He provided funds for the LaHaye Ice Center on the campus of Liberty University, which opened in January 2006.[21]

LaHaye’s book The Rapture was released on June 6, 2006, in order to capitalize on a 6-6-6 connection.[22][23]

German Christians

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Flag of the German Christians (1934)

German Christians (German: Deutsche Christen) was a pressure group and a movement within the German Evangelical Church that existed between 1932 and 1945, aligned towards the antisemitic, racist and Führerprinzip ideological principles of Nazism with the goal to align German Protestantism as a whole towards those principles.[1] Their advocacy of these principles led to a schism within 23 of the initially 28 regional church bodies (Landeskirchen) in Germany and the attendant foundation of the opposing Confessing Church in 1934.[2]

History[edit]

Antecedents[edit]

Imperial Germany[edit]

During the period of the German Empire, before the Weimar Republic, the Protestant churches (Landeskirchen) in Germany were divided along state and provincial borders. Each state or provincial church was supported by and affiliated with the regnal house—if it was Protestant—of its particular region; the crown provided financial and institutional support for its church. Church and state were therefore, to a large extent, combined on a regional basis.[3] Monarchies of Roman Catholic dynasties also organised church bodies territorially defined by their state borders. The same was true for the three republican German states within the pre-1918 Empire. In Alsace-Lorraine the Napoleonic system of établissements publics du culte for the Calvinist, Jewish, Lutheran and Roman Catholic congregations and umbrellas remained in effect.

Weimar Republic[edit]

With the end of World War I and the resulting political and social turmoil, the regional churches lost their secular rulers. With revolutionary fervor in the air, the conservative church leaders had to contend with socialists who favored disestablishment.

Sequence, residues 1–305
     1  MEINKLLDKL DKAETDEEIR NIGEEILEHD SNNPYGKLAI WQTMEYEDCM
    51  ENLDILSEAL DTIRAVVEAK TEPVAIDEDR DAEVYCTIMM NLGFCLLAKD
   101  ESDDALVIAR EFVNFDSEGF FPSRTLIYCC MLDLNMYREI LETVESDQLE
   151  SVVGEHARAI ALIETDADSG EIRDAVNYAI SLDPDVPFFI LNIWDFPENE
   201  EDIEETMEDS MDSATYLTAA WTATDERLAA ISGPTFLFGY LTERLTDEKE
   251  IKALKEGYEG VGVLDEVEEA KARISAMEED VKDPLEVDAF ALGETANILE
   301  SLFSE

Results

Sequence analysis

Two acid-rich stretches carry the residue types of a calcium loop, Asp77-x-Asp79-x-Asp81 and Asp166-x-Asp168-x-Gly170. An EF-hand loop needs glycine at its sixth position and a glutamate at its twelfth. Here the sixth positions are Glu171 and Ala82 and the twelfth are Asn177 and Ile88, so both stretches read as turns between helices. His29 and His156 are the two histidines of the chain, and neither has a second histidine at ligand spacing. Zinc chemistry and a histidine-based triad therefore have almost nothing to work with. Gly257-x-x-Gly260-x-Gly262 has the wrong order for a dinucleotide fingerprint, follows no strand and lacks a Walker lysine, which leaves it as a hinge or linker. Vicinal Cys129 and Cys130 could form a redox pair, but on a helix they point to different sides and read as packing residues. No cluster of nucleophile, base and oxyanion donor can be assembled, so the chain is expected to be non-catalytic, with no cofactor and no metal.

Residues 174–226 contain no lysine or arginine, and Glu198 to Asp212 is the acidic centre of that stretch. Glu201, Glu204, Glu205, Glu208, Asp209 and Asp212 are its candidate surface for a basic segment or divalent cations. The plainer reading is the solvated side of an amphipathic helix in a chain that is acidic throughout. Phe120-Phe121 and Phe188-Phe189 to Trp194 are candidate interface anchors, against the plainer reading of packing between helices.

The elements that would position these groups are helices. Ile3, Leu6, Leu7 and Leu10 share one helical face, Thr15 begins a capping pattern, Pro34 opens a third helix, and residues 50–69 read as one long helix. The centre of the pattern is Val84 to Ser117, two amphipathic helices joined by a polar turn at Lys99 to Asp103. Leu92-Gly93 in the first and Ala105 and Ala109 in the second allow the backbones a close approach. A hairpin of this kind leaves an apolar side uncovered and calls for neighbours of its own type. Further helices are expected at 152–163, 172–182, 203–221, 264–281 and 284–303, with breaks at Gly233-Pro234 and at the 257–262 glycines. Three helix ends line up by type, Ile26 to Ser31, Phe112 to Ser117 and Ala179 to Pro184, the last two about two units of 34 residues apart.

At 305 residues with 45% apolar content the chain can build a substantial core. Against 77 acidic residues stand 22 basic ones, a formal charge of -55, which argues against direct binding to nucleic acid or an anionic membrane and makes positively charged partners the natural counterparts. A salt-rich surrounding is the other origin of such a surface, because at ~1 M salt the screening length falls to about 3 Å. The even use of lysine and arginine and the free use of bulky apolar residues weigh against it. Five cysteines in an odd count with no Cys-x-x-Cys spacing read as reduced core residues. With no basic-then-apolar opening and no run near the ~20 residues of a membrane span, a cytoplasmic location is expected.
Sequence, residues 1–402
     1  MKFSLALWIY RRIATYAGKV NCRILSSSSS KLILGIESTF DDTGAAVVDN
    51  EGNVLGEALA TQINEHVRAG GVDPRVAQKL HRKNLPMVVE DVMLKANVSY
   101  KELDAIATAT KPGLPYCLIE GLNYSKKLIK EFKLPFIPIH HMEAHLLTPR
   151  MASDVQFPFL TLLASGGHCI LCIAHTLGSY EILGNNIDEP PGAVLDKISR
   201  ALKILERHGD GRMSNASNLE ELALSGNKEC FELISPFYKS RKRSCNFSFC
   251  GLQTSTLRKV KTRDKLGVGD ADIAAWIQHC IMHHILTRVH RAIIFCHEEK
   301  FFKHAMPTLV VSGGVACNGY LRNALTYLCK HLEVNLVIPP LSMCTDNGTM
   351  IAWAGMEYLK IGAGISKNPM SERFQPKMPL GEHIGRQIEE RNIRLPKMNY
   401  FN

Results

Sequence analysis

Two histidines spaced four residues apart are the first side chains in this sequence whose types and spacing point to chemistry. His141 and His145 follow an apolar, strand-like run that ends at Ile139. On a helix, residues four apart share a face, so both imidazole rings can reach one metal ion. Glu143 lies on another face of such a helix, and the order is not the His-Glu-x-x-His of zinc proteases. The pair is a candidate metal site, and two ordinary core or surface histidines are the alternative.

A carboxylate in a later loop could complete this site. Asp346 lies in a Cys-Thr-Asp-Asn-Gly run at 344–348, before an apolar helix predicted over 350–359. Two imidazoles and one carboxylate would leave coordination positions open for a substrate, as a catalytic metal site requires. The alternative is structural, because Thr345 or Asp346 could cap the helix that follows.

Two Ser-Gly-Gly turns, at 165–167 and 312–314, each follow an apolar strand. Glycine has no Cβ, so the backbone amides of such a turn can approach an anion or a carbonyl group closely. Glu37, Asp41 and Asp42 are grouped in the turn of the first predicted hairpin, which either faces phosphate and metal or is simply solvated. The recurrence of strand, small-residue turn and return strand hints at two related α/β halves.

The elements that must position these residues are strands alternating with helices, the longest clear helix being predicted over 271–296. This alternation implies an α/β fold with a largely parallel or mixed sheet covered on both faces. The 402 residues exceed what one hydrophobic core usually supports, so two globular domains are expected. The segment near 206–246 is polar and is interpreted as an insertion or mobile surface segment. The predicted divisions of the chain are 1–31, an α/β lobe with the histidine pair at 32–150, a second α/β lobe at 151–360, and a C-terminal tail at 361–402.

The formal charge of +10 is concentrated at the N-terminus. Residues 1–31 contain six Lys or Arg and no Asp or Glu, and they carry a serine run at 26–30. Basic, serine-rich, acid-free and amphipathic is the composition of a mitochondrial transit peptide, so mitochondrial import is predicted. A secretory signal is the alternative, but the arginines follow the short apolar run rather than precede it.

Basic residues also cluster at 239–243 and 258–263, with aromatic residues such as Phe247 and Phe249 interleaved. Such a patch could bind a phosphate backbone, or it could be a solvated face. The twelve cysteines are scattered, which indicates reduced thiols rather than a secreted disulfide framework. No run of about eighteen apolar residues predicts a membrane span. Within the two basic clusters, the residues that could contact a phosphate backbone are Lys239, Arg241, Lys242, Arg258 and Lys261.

After considerable political maneuvering, state churches were abolished (in name) under Weimar, but the anti-disestablishmentarians prevailed in substance: churches remained public corporations and retained their subsidies from government. Religious instruction in the schools continued, as did the theological faculties in the universities. The rights formerly held by the princes in the German Empire simply devolved to church councils.

Accordingly, in this initial period of the Weimar Republic, the Protestant Church in Germany now operated as a federation of 28 regional (or provincial) churches. The federation operated officially through the representative German Evangelical Church Confederation (Deutscher Evangelischer Kirchenbund (DEKB)); the League was itself established in 1922 by the rather loose annual convention called Church General Assembly (Kirchentag), which was composed of the members of the various regional churches. The League was governed and administered by a 36-member Executive Committee (Kirchenausschuss) which was responsible for ongoing governance between the annual conventions of the Kirchentag.